a Blueprint for Environmental Activists and Others Considering Collaboration
Of Virginia, Wilderness Society Publish Collaboration: A Guide
For Environmental Advocates
13, 2001-- The
National Audubon Society, the University of Virginia, and The Wilderness
Society announced Sept. 4 the publication of Collaboration: A
Guide for Environmental Advocates. Funded by a grant from the
William and Flora Hewlett Foundation, the guide outlines appropriate
situations for engaging in collaborative processes and describes
best practices and proven strategies for success in collaborative
natural resources decision making.
"This guide sheds much-needed
light on when such approaches make sense, and gives our volunteer
grassroots activists a tool to use in considering proposals for
such processes in order to reach important conservation goals,"
said John Flicker, Audubon President and CEO.
Bill Meadows, president of The Wilderness
Society, said, "Conservationists often can work effectively with
diverse interests to resolve environmental conflicts and achieve
common objectives. But collaboration should never seek to undercut
existing law and environmental protections or exclude legitimate
interests. This guide will help ensure that these processes lead
to decisions that abide by environmental laws and protect the public's
lands and natural resources."
"Because the guide was developed
in consultation with a wide range of environmental advocates and
analysts of collaborative processes, it emphasizes ways to address
concerns about the environmental impact of these processes,"
said Franklin Dukes, director of U.Va.'s Institute for Environmental
Negotiation. Dukes expects the guide to be as helpful for environmental
groups facing inappropriate collaboration situations as it is for
those groups choosing to lead or join such processes.
The guide includes advice on how
to design an effective collaborative process, arguments for and
against collaboration, how to work with independent mediators or
facilitators, the role of science in the process, and reaching agreements
that work. The 71-page book also includes dozens of resources.
It is available in print for $8,
including shipping and handling through the University of Virginia
(804) 924-1970 or by writing to IEN, University of Virginia, 164
Rugby Rd., Charlottesville, VA 22903. A free PDF version can be
found on the Web at
About the Sponsors:
The National Audubon Society connects
people with nature through education and experience on the land.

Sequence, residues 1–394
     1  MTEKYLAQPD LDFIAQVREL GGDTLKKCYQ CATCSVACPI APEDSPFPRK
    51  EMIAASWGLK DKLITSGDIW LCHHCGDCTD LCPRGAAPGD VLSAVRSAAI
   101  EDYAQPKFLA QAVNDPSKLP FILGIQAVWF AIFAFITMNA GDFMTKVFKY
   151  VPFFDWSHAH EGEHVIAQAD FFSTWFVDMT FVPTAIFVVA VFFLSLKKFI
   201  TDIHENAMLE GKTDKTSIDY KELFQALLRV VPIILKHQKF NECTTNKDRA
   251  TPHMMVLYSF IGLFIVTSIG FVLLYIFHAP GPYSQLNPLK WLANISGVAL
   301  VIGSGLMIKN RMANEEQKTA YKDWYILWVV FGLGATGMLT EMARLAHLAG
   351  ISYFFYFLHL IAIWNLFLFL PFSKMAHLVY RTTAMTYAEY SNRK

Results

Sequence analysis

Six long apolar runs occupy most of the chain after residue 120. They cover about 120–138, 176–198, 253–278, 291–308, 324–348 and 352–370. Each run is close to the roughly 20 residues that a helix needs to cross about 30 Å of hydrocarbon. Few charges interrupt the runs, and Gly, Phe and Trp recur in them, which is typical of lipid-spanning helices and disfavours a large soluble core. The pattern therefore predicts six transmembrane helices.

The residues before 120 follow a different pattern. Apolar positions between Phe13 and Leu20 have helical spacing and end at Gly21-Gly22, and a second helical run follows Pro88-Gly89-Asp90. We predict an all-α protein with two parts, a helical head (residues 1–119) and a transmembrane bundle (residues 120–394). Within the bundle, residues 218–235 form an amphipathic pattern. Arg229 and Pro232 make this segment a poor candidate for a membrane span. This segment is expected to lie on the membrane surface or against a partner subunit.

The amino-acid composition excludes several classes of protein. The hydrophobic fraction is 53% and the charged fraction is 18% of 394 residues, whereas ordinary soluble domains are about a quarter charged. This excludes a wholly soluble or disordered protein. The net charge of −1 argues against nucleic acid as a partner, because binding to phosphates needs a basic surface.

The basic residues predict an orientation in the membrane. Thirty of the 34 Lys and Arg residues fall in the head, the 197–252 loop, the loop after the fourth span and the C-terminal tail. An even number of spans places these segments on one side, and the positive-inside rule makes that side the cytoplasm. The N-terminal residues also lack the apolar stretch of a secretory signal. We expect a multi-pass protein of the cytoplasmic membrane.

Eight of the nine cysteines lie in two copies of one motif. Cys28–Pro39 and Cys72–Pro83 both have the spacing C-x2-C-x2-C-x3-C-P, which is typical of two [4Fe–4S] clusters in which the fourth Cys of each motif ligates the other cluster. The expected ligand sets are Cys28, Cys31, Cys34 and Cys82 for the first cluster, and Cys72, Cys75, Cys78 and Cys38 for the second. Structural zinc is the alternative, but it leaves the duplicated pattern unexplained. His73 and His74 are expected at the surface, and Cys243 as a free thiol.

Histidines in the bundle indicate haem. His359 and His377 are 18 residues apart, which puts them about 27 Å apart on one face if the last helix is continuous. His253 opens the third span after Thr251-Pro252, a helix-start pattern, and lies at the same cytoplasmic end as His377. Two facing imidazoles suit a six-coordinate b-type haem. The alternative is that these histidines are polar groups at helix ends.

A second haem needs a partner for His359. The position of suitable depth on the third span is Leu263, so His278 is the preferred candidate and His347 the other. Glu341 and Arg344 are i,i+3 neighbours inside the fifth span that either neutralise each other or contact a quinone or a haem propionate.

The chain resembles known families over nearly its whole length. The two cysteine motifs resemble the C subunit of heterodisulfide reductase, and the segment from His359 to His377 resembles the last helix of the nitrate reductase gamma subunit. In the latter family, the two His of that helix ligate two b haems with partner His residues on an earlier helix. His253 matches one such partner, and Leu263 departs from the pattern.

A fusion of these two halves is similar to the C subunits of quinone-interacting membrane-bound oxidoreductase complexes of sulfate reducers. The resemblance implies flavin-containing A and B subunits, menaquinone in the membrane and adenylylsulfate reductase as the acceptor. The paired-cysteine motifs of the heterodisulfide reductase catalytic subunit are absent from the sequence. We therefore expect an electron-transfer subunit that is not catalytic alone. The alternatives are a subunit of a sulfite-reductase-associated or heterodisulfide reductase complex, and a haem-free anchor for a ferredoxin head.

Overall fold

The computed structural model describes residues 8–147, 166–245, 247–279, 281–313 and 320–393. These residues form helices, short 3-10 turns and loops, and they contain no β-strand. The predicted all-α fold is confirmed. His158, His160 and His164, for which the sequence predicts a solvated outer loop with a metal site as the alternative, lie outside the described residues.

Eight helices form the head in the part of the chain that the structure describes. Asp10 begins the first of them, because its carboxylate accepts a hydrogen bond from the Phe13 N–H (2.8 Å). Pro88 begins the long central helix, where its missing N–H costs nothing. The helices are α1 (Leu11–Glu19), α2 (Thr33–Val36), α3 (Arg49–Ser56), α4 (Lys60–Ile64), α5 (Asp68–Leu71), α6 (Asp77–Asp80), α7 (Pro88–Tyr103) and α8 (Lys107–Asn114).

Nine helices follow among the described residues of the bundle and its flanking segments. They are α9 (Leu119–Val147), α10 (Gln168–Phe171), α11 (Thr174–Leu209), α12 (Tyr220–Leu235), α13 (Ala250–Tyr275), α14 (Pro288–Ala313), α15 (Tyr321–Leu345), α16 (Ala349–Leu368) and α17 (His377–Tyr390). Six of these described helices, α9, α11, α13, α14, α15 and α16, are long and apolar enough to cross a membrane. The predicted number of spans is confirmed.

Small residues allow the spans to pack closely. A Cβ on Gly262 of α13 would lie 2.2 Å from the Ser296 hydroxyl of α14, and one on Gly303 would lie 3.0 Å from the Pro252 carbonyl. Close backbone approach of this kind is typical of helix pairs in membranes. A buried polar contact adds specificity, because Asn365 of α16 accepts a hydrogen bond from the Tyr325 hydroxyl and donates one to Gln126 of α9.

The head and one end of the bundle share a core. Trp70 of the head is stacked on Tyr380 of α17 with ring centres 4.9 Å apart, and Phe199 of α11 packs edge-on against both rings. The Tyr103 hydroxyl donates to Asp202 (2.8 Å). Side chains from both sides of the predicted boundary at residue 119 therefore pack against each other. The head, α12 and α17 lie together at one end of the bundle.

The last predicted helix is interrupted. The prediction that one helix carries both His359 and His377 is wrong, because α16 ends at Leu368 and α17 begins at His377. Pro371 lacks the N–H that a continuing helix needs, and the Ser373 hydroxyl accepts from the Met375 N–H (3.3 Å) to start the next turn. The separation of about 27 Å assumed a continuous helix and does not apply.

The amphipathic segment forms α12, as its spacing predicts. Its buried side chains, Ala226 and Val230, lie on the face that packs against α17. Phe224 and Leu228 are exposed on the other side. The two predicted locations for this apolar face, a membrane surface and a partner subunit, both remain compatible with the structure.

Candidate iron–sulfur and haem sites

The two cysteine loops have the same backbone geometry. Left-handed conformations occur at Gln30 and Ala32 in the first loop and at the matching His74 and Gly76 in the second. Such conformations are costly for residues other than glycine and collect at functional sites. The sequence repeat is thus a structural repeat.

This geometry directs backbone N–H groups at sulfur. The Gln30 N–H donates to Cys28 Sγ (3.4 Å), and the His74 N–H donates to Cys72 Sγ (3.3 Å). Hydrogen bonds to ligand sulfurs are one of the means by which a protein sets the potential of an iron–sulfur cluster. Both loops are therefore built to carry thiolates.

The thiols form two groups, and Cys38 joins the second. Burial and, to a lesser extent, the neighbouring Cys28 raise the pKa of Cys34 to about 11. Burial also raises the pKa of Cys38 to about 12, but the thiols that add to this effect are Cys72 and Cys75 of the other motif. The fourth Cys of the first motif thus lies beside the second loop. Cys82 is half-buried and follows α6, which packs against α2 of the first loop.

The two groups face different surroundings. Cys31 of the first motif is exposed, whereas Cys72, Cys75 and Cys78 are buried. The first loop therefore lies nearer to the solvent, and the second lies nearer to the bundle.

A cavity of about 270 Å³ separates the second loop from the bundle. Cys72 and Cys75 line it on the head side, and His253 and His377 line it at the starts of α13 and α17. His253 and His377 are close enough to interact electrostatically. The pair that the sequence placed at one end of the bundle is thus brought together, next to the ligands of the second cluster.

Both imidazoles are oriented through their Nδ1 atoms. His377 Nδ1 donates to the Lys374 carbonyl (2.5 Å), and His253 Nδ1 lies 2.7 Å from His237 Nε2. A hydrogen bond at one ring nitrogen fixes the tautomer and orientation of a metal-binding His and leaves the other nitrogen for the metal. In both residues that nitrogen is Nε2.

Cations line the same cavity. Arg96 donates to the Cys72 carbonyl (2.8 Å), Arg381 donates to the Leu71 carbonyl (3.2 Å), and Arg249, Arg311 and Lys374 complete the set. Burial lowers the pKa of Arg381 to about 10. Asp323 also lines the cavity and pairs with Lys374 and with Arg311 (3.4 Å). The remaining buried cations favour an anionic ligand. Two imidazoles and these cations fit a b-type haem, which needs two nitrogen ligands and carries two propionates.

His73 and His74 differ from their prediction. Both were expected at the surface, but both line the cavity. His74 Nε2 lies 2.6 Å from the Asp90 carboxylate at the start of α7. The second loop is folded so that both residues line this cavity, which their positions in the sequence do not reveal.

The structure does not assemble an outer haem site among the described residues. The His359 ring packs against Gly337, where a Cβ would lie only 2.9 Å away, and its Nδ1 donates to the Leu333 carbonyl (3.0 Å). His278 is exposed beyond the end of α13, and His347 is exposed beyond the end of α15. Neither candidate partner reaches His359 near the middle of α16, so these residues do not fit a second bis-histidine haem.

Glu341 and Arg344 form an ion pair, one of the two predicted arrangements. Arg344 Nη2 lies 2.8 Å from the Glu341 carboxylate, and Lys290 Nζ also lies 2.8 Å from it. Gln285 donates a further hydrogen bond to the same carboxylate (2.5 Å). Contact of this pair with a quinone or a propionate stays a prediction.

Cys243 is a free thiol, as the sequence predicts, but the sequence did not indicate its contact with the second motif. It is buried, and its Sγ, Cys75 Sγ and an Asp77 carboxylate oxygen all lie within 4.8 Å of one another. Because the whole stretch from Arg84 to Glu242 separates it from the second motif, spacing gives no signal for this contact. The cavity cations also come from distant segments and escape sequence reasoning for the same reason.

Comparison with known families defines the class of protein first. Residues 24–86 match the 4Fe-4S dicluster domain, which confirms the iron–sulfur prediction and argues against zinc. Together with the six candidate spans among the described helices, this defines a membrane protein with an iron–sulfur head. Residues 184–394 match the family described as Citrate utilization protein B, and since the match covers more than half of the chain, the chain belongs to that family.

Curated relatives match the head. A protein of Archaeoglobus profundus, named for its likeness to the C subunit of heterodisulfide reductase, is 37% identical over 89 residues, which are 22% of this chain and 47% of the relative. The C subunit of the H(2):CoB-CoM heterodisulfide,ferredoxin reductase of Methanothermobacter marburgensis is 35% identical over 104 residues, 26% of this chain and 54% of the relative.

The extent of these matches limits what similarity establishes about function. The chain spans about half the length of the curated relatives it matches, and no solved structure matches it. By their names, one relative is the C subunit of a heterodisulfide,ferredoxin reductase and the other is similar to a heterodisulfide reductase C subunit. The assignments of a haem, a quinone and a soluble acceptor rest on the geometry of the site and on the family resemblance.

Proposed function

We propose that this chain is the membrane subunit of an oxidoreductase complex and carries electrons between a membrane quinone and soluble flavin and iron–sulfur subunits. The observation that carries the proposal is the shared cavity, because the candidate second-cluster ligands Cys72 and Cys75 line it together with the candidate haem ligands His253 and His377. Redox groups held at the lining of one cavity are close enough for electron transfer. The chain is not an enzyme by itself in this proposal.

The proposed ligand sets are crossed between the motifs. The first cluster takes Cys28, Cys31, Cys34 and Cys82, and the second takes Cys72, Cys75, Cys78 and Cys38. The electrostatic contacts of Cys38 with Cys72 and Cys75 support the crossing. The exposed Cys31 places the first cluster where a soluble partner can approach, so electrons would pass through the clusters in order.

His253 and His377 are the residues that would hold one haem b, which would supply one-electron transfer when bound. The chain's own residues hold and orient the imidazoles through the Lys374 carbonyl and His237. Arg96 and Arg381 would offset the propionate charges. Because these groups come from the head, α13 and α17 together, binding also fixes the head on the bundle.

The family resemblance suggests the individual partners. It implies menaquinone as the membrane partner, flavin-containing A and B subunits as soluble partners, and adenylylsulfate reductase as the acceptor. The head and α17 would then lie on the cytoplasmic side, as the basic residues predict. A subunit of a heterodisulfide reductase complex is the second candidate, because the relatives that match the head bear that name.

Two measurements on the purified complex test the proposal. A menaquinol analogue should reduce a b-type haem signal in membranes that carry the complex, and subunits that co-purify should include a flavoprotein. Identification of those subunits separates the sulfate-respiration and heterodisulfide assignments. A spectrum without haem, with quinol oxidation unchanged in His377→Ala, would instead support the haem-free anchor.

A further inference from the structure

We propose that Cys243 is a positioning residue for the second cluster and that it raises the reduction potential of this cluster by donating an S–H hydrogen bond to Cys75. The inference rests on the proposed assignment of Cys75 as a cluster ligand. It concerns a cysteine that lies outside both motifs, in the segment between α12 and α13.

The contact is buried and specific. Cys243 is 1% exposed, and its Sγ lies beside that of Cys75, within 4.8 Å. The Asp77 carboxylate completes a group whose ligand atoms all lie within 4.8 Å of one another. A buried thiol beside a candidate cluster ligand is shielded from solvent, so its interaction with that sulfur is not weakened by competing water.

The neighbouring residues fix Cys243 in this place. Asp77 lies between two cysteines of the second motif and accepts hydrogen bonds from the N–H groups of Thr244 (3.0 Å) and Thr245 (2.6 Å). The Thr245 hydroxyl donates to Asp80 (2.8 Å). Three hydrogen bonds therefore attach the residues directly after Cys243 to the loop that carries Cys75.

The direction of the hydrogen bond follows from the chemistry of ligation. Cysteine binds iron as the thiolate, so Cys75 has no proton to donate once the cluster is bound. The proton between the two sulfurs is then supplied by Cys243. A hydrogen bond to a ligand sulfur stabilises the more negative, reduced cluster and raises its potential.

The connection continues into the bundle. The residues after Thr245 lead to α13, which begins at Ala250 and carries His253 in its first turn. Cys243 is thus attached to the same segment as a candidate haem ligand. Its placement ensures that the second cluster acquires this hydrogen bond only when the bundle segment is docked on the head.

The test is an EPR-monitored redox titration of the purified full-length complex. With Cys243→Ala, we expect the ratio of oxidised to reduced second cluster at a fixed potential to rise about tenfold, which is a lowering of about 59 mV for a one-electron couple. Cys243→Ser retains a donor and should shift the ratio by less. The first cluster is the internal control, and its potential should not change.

It helps children, families, and adults from all walks of life develop
an understanding of and appreciation for the environment. The organization
gives them the tools to act on behalf of the environment
in their own homes and communities, as well as on the national level
and beyond. Founded in 1905, and supported by 600,000 members in
more than 500 chapters throughout the Americas, the National Audubon
Society conserves and restores natural ecosystems, focusing on birds
and other wildlife, and their habitats, for the benefit of humanity
and the earths biological diversity.
Founded in 1935, The Wilderness Society
works to protect America's wilderness and to develop a nationwide
network of wild lands through public education, scientific analysis
and advocacy. Its goal is to ensure that future generations will
enjoy the clean air and water, wildlife, beauty and opportunities
for recreation and renewal that pristine forests, rivers, deserts
and mountains provide.
The Institute for Environmental Negotiation
(IEN) is affiliated with the University of Virginia School of Architecture.
The institute was formed in 1980 to provide mediation and consensus
building services to the public and private sectors concerning conflicts
and policy choices about land use and the natural and built environment.
Since its inception, its staff has served as mediators and facilitators
for well over 100 projects involving natural resource, health and
planning issues. IEN also coordinates the national Community
Based Collaboratives Research Consortium which conducts and
fosters research about collaborative processes involving the environment.
Contact: Mike Anderson, (206) 624-6430
#227, John Bianchi, (212) 979-3026 and Franklin Dukes, (804) 924-1970